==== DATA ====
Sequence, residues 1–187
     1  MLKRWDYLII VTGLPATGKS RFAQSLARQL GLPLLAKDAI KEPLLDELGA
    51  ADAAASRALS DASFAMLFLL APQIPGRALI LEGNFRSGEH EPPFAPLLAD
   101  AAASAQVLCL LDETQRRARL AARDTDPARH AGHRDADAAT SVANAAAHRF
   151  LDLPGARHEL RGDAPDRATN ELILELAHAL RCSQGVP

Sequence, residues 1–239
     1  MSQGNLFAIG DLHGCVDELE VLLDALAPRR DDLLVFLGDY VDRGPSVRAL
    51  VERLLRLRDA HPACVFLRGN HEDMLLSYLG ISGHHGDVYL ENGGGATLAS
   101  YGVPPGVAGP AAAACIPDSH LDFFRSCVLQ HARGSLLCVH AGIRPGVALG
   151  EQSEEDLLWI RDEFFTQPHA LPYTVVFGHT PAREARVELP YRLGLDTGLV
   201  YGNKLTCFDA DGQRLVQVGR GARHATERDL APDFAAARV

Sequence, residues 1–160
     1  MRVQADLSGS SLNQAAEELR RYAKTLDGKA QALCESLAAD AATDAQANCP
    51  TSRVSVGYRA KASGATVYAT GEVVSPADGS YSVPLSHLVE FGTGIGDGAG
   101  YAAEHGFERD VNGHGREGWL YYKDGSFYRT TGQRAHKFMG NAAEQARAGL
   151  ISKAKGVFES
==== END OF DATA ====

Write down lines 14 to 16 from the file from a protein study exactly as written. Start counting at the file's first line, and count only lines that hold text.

    51  TSRVSVGYRA KASGATVYAT GEVVSPADGS YSVPLSHLVE FGTGIGDGAG
   101  YAAEHGFERD VNGHGREGWL YYKDGSFYRT TGQRAHKFMG NAAEQARAGL
   151  ISKAKGVFES